enjoy more success at mediation. Following are some examples of positive and negative communications that we have noted at Miles Mediation.
One of the most effective communication techniques is expressing empathy. Plaintiffs motivated by anger or justice have suffered a loss. They feel, often rightly so, that they do not deserve what happened to them. They need to have their suffering acknowledged. They know that the defendant can’t change what happened and that, in the end, their case will be resolved for a sum of money. Regardless of who is legally responsible, these plaintiffs need the defendant to understand their circumstances. I experienced this during the adoption of my son Joe. After the baby arrived, things got difficult. Only when the baby was born did we learn of a potentially dangerous condition in the medical history. This issue could have a significant impact on the baby’s future. We were faced with a decision: Did we want this baby. My wife and I were angry, frustrated, and confused. Why hadn’t this condition been identified earlier? What were the chances the baby’s health would be affected? What were we supposed to do? Should we take the baby home or begin the process all over again? My wife and I understood the situation for what it was and that we were going to proceed with the adoption. Nevertheless, there was great value for us in having our situation acknowledged and hearing that what was happening to us wasn’t fair. Expressing empathy is not the same as accepting legal responsibility.
As was the case for us during the adoption process, the expression can be as simple as someone confirming that what happened was unfair. Empathy is any expression that conveys understanding of and identification with another’s situation. It can often be effectively expressed by saying, “I’m sorry that you have had to go through this.” At Miles Mediation we have noted the power of an adjuster’s expression of empathy. At best it completely changes the tone of the mediation and sets the stage for resolution. At worst it causes the plaintiff to brush off the attempt. However, we have never seen an expression of empathy hinder the negotiations. Conversely, we have often witnessed the negative impact resulting from the failure to express empathy at mediation.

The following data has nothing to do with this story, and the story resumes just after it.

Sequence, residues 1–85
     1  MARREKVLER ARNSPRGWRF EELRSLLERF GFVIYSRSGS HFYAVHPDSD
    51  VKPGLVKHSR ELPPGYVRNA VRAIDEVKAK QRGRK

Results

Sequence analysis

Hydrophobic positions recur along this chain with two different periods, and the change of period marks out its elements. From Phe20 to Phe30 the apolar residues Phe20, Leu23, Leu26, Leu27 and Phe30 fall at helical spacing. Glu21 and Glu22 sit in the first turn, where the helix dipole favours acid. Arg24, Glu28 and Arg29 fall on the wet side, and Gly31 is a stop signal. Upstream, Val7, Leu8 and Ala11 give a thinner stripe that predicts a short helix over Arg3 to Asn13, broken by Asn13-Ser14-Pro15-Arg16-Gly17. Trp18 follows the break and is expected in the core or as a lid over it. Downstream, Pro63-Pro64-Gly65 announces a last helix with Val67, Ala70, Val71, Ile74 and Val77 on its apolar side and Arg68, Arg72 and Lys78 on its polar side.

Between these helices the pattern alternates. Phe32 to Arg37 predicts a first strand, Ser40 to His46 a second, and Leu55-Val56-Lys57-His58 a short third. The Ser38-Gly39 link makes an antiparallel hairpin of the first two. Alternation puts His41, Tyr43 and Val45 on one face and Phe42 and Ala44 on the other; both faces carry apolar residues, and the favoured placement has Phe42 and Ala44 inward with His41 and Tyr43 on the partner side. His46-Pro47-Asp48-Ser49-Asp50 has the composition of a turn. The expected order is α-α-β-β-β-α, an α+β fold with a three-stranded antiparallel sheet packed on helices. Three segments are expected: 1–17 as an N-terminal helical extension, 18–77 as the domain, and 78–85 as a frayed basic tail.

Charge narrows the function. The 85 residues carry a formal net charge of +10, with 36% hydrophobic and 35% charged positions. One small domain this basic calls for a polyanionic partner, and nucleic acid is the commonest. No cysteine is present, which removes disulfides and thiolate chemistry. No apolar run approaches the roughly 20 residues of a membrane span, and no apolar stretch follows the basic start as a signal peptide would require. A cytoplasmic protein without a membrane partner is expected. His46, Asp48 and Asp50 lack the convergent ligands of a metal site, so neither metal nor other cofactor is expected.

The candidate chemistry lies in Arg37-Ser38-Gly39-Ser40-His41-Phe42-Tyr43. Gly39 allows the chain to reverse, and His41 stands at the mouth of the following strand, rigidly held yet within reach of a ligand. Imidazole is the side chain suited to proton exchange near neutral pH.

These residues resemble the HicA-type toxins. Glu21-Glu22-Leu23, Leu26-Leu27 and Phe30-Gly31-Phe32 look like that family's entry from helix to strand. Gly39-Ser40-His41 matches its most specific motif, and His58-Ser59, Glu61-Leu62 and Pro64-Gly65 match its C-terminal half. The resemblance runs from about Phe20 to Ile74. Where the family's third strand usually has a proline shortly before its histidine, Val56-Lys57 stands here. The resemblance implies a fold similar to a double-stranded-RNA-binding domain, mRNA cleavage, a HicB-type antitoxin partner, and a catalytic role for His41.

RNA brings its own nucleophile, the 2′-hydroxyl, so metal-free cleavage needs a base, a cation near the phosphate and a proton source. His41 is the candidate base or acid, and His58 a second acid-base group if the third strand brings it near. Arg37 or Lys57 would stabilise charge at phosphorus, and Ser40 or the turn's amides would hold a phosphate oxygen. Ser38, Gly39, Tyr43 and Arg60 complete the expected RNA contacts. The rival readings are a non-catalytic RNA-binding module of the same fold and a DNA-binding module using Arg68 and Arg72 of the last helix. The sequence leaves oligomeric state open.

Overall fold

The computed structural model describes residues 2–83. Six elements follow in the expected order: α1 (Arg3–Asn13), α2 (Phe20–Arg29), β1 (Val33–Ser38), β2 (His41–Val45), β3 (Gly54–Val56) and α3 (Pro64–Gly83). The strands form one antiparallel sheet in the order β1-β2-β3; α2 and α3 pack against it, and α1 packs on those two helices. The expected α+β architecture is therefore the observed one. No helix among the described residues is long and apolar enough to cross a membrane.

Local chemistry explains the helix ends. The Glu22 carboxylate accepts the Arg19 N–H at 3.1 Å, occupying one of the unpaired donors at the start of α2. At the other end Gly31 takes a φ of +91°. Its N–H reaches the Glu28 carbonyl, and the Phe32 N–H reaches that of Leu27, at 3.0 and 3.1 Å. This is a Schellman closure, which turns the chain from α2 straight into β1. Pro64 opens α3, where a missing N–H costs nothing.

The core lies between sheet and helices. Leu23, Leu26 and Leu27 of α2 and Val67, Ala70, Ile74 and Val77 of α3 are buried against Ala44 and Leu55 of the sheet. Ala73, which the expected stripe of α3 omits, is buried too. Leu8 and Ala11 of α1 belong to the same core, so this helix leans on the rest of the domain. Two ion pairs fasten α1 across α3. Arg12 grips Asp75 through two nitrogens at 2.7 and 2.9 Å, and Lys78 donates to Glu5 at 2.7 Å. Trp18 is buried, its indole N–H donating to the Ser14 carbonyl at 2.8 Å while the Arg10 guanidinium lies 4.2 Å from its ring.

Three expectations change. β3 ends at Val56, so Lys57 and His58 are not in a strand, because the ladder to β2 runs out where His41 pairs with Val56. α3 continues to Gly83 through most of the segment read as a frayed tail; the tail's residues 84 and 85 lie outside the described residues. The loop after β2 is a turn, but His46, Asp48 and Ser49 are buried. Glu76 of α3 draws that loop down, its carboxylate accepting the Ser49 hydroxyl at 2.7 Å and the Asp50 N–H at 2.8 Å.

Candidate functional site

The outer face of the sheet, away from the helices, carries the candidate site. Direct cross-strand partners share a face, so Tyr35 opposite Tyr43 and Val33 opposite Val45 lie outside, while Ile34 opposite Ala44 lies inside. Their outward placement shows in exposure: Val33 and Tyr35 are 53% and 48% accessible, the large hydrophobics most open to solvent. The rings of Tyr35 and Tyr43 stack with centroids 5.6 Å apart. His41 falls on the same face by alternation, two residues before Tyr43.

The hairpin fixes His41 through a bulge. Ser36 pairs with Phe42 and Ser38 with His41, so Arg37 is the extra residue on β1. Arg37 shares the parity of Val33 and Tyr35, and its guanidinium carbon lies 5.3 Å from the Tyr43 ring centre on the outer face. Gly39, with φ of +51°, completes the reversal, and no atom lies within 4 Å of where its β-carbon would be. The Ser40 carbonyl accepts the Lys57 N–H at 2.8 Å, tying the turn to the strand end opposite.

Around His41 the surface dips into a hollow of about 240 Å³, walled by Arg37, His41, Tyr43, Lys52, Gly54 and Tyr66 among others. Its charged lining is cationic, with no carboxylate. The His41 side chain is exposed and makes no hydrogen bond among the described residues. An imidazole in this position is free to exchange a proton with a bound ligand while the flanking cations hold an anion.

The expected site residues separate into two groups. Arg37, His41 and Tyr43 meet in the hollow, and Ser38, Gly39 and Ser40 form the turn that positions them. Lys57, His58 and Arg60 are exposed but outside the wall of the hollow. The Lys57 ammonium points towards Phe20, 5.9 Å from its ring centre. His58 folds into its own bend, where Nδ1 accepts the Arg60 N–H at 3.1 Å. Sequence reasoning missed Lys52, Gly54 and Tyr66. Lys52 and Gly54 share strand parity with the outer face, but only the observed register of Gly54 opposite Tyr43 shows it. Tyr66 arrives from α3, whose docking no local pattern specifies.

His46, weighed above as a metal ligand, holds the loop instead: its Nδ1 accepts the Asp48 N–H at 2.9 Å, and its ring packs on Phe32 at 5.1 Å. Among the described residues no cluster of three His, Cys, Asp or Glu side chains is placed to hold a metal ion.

I remember a mediation during which I joined the lone plaintiff in the caucus room following the opening session. She turned to me and said, “They missed another opportunity to
say they were sorry.” The case didn’t settle.
It is a rare case in which the defense cannot take responsibility for some aspect of the situation. If negligence is fairly clear—or the defense plans to admit liability at trial—the defense should acknowledge the insured’s responsibility in causing the accident. In the same way, if the real issue regards negligence as opposed to the plaintiff’s injuries, accept responsibility
for the injuries but tell the plaintiff you don’t accept that your client was negligent. Accepting responsibility has a dual positive effect. First, it focuses the issues to be discussed during the mediation. Second, it makes the defense seem reasonable, thus encouraging the plaintiff to respond in kind. Showing Flexibility Drawing lines in the sand hinders the mediation process.
On occasions when the defense is limited as to the amount it can offer to settle a case, communication is of the utmost importance. Human nature is such that, even if we know we
should accept the offer, most of us will reject an ultimatum. For that reason, telling the plaintiff to “take it or leave it” is a risky strategy. A far better approach is to move safely to a number